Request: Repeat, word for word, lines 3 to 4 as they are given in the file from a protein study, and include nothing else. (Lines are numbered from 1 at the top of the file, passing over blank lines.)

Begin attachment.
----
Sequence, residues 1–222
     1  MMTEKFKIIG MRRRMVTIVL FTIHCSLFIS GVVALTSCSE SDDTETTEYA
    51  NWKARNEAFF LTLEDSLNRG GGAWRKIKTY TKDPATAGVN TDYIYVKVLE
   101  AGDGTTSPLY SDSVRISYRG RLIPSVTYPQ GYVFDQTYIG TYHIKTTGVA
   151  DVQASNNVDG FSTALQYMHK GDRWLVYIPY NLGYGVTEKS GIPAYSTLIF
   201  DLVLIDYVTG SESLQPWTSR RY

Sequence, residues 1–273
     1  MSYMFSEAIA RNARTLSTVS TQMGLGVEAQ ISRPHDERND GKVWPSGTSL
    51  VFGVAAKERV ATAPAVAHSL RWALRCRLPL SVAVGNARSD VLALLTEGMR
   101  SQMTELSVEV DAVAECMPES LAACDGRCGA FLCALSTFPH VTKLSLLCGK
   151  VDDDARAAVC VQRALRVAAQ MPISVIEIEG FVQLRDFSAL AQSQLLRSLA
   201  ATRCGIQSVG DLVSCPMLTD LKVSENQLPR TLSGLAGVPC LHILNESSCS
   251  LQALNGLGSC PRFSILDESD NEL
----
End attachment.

    51  NWKARNEAFF LTLEDSLNRG GGAWRKIKTY TKDPATAGVN TDYIYVKVLE
   101  AGDGTTSPLY SDSVRISYRG RLIPSVTYPQ GYVFDQTYIG TYHIKTTGVA